How Gardens Help Keep Peope Out of Jail
By Emily Powell
Your garden is something to be proud of, and you know it. You’ve been nurturing and pampering seedlings in obsequious efforts to refine the sustainability of your lifestyle, pursue a hobby, or bring food awareness to the community, and the fruits of your labor deserve recognition. But home-grown gardens and urban farms can do more than just bring us the warm and fuzzies for knowing we’re being more responsible for the planet: these magical gardens can be valuable social and economic tools in sustainable development. For example, gardens bring life and hope to gentrifying communities and individuals suffering in the transition from prison to the real world. Let the communities of Oakland, San Francisco, and Fort Collins demonstrate.
Oakland and the World Enterprises is a non-profit organization helping the formerly incarcerated and “others facing extreme barriers to employment” reach financial stability and independence through urban farming. In an agreement with the city of Oakland, the organization developed a parcel of unused land into an urban farm. This farm produces fruits and vegetables that are sold through for-profit businesses run cooperatively by the participants in the financial independence development program. Beyond the business of local farming, these cooperatively-owned, for-profit businesses are planned to expand into the retail, housing, and restaurant industries – all benefitting the participants and helping to revolutionize the recently-degraded community. The nonprofit’s effectiveness at bringing ex-cons back up to speed for success in our modern economy is impressive, and the plans to expand the operation could bring economic life and social stability back into some of the poorest neighborhoods of West Oakland. How wonderful does this sound?! An initiative for sustainable food endorsement intertwined with a project to improve the viability of a local economy in which hundreds of “unemployables” reside: perfect.
Next we have “The Garden Project” in San Francisco: a prisoner rehabilitation and at-risk teen crime prevention program centered on horticulture and organic produce production. In a landscaping contract with the city of San Francisco, ex-inmates and teenagers plant trees (over 10,000 of them so far, at least) and grow food for community consumption, activities which both support a source of income for participants. With an impressive retention rate – participants in the Garden Project are 25% less likely to return to jail – the program boasts another example of a sustainability initiative that focuses on economic vibrancy and social stability.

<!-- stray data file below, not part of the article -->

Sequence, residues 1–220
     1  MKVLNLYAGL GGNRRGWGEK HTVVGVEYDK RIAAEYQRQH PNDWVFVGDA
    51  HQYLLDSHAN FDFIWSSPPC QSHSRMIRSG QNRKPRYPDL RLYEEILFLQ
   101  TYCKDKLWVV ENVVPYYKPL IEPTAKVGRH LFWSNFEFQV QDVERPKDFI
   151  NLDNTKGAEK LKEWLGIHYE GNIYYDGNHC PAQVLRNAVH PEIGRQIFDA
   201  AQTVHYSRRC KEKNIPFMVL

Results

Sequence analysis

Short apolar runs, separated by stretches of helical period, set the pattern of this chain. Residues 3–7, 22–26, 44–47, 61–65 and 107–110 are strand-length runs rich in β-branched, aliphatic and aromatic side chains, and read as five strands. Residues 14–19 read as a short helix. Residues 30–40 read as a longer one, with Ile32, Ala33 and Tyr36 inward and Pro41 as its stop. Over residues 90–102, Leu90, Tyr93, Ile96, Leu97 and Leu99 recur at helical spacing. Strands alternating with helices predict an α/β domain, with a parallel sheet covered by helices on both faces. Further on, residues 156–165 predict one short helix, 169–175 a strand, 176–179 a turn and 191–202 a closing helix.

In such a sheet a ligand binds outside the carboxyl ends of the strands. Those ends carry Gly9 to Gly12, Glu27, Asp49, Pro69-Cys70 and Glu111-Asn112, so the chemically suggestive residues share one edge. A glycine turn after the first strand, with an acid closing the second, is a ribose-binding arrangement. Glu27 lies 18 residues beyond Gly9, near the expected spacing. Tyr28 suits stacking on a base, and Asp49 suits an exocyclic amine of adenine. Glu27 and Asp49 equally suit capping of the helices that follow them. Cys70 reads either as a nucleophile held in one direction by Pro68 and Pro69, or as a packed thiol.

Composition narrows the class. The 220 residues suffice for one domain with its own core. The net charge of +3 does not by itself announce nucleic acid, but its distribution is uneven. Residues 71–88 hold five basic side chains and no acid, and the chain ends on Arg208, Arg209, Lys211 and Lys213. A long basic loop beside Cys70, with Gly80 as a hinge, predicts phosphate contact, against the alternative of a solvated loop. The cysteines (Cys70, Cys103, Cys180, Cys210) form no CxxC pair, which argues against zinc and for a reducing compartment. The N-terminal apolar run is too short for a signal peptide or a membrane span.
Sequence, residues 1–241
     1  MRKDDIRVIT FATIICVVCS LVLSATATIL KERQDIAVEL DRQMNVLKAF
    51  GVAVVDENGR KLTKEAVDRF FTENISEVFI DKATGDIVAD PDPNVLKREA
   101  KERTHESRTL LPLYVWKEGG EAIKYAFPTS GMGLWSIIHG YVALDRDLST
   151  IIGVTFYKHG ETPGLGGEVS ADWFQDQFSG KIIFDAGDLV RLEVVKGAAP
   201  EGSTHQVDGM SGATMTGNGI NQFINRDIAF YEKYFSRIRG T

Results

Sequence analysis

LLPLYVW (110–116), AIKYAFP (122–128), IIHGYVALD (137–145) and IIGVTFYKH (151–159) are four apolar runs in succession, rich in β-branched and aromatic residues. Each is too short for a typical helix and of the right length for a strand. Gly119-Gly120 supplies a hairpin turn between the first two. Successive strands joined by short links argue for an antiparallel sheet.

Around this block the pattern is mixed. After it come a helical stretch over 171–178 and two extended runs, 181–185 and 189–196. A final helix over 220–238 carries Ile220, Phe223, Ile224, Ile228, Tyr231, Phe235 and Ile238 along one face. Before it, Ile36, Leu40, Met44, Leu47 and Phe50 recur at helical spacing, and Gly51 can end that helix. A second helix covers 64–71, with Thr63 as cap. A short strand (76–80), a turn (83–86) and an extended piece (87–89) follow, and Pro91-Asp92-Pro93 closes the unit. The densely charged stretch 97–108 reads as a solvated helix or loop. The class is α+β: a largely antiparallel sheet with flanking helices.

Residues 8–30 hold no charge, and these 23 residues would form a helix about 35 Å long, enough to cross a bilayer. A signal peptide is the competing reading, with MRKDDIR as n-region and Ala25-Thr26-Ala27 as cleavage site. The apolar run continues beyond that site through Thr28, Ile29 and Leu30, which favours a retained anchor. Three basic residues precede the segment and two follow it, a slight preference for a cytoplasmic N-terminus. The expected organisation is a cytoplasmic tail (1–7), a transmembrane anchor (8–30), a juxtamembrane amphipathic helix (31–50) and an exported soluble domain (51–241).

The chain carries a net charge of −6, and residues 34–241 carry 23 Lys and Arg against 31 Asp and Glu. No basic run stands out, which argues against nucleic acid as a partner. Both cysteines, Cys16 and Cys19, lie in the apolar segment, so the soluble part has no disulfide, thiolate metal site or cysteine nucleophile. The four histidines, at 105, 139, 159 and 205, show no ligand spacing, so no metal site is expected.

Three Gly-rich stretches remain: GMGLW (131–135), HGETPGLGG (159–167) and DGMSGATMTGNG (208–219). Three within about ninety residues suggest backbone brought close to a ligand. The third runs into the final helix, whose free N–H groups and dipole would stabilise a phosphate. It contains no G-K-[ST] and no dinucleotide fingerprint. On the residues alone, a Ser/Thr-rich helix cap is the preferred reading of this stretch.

In Fort Collins, residents of an intensive drug and alcohol rehabilitation program find independence, empowerment, and therapy in the operation of the Larimer County Community Corrections Center garden. Volunteering in the garden is an optional activity during the residents’ 90-day stay at the rehabilitation facility, which serves as a halfway point for many inmates leaving prison. Those who volunteer have the opportunity to learn intrapersonal communication skills when selling vegetables at a roadside vegetable stand, responsibility for caring for sections of the garden, and the fundamentals of urban gardening. Altogether, it has proven to be a useful and enjoyable activity to balance the skills and experience of the participants graduating from the program.
My point is that gardens are multi-faceted tools of sustainable development. Since gentrified communities have lost their economic viability and lawful balance, community gardens might hold the key to bringing back peace through food security, income provisions, and overall morale improvement. Growing our own citrus and zucchini in the backyard is a wonderful personal initiative to take the sustainability of communities to the next level, but it remains the narrow approach to exploring the wonderful benefits of community urban gardening. By using the development of a tactical and practical skill such as growing food (which will always be in demand), urban farms offer the opportunity to conquer many challenges at once and revolutionize the status quo of low-income, high-poverty, low-literacy and high-crime communities. Across the board, urban farms are small-scale food production systems with large-scale and life-long positive impacts.
Emily’s exuberant passion for sustainability and sustainable nutrition stems from her everlasting love for the outdoors, people, dirt, and broccoli. As an undergraduate in the School of Sustainability at Arizona State University, Emily is working towards becoming a spokesperson for everyday sustainable food and lifestyle choices, including decisions on what foods you buy, where you buy them, and how you make the most of foods’ energy. Leveraging communication through writing, Emily has been recognized in competitions such as the DuPont Challenge and the Apprentice Ecologist Initiative for her essays on sustainability issues and initiatives, including Honeybee Colony Collapse Disorder and community gardens in elementary schools. Emily aspires to utilize relationships with other academic disciplines to plant the seeds of sustainability and nutrition principles in the young adults of her generation. She plans to earn her Registered Dietician credential and work either on the community or personalized sustainable nutrition level.